Andrew Morrish is a renowned improviser devoted to solo work. He uses movement, voice and speech to compose performances in real time. He prefers performing solo because “with solo we don’t have the complication of whose art it is”. When one performs a solo, there is nobody else on stage and one bears greater responsibility for whatever happens or doesn’t happen. By dedicating enough time to doing things alone in our life we can get a clearer view of what things that appear on our stage are our own making. When we are in contact with the rest of the world a lot more elements come into play and it can be more difficult to discern.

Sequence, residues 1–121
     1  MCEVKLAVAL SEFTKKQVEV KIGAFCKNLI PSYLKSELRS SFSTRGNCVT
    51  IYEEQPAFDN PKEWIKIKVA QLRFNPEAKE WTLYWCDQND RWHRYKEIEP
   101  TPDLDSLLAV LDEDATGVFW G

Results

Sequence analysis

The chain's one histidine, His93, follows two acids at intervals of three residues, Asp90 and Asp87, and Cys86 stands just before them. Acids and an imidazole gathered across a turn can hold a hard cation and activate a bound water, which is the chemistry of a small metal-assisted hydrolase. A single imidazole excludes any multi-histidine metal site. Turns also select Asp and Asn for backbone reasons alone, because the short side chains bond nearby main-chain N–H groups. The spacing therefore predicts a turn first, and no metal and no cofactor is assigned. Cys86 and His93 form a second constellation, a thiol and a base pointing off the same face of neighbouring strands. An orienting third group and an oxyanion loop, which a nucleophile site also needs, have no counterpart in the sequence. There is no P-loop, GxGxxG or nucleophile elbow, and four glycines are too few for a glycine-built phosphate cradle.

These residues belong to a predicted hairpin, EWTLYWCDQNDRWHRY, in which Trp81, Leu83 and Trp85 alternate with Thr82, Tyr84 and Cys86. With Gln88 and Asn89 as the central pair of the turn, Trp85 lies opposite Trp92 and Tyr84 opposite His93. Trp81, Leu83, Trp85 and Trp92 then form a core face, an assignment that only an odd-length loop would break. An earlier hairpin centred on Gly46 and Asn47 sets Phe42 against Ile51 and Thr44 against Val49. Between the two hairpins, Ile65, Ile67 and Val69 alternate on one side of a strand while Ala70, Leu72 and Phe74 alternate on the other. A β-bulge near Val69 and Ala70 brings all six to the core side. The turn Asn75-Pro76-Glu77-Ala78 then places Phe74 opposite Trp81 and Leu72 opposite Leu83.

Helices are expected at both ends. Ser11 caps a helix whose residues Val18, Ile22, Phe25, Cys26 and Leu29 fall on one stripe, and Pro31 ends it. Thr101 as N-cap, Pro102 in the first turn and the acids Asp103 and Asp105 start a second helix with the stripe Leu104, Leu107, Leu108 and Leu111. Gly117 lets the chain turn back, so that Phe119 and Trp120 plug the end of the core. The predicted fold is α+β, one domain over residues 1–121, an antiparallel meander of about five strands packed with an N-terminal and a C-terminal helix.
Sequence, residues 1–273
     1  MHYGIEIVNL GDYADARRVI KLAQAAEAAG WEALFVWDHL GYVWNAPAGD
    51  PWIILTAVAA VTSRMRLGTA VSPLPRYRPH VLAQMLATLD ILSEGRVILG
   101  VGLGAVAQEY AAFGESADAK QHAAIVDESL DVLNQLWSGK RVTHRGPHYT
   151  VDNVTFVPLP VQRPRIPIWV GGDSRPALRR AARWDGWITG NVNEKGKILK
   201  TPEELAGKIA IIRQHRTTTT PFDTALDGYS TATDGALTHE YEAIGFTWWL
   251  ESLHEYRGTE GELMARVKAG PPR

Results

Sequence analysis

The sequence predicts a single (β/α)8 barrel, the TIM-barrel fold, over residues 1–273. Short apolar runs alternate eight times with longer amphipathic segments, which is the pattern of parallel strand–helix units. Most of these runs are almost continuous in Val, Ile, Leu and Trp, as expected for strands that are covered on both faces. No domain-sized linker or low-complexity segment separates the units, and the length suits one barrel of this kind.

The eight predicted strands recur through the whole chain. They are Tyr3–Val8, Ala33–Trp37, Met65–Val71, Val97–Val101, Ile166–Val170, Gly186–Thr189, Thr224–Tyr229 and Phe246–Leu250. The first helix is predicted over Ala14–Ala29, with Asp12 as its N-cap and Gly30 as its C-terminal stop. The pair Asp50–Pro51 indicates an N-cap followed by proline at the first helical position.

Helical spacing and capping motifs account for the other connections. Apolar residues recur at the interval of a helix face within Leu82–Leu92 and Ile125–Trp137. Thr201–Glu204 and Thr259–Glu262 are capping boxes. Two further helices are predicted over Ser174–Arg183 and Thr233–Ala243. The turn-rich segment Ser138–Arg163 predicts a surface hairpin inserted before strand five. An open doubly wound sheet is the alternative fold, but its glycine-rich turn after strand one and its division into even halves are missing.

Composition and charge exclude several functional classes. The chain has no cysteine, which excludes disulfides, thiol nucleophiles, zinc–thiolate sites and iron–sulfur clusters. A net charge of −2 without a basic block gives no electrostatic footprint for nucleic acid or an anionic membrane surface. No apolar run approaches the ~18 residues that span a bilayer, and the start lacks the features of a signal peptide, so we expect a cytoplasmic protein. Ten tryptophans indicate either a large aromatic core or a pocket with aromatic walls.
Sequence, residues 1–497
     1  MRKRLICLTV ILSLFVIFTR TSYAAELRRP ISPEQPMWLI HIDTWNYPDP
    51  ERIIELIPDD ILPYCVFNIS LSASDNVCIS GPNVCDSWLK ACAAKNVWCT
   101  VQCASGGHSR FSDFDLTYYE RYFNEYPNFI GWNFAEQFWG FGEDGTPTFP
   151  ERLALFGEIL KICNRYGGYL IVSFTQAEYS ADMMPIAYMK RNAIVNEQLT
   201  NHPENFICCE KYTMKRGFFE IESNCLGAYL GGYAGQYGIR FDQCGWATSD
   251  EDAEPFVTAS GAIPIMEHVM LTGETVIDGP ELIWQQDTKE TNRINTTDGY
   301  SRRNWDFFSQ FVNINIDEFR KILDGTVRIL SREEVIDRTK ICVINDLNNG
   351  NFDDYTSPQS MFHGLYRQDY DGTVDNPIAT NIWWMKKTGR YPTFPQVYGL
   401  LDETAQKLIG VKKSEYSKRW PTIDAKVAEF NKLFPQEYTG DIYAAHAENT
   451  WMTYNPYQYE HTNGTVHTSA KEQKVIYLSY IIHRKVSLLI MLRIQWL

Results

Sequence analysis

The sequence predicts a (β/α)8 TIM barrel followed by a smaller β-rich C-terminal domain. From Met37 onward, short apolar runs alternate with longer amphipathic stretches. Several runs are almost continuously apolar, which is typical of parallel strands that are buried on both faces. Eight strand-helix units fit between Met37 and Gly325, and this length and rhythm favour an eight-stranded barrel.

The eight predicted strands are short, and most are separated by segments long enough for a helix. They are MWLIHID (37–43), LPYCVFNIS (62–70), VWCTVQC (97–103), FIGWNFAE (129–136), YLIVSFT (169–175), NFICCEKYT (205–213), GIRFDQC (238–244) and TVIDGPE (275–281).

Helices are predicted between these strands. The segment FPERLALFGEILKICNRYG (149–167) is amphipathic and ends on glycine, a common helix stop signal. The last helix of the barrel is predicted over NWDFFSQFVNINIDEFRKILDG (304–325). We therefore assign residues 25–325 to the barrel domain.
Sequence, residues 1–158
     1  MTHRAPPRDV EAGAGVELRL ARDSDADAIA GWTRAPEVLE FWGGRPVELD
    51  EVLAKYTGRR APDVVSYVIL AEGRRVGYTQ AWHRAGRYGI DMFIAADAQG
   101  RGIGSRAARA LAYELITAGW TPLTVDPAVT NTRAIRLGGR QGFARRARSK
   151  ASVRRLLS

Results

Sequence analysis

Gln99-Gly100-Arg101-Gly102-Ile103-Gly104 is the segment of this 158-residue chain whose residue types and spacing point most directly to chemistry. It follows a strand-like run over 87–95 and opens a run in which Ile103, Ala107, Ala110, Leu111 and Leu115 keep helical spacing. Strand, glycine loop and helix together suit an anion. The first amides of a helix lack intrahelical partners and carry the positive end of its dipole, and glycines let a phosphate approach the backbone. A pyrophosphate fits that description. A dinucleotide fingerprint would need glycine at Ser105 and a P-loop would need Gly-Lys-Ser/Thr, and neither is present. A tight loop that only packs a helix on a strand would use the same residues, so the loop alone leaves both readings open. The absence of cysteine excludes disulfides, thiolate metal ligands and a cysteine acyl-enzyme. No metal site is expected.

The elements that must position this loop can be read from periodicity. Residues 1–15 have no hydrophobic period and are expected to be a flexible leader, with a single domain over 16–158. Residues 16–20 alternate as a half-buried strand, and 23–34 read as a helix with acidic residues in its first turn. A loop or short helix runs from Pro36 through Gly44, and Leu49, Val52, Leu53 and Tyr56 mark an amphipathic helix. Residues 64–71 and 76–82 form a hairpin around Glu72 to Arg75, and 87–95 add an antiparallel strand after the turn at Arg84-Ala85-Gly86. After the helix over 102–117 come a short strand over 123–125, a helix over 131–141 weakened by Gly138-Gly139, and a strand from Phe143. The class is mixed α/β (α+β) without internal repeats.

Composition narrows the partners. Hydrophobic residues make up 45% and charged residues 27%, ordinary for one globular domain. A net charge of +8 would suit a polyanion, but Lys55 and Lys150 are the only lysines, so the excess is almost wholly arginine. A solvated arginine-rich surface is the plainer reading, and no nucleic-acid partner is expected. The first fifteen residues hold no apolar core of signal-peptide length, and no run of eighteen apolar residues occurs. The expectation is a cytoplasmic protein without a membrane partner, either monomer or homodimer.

Credits tell us who contributed what to the performance. Even people who contributed but not as professionals may be thanked for it. The performers getting the ovation at the end are the tip of the iceberg, but there’s a lot of other work involved in a performance that would go unrecognized without credits. It is impossible to do something completely on one’s own. We use many things that were invented by others, do things that we learnt from others… Even our life was given to us by others! This doesn’t subtract any value from what we accomplish. On the other hand, it adds a very pleasant feeling of being supported by all those who contributed something and without whom our achievement wouldn’t have been possible.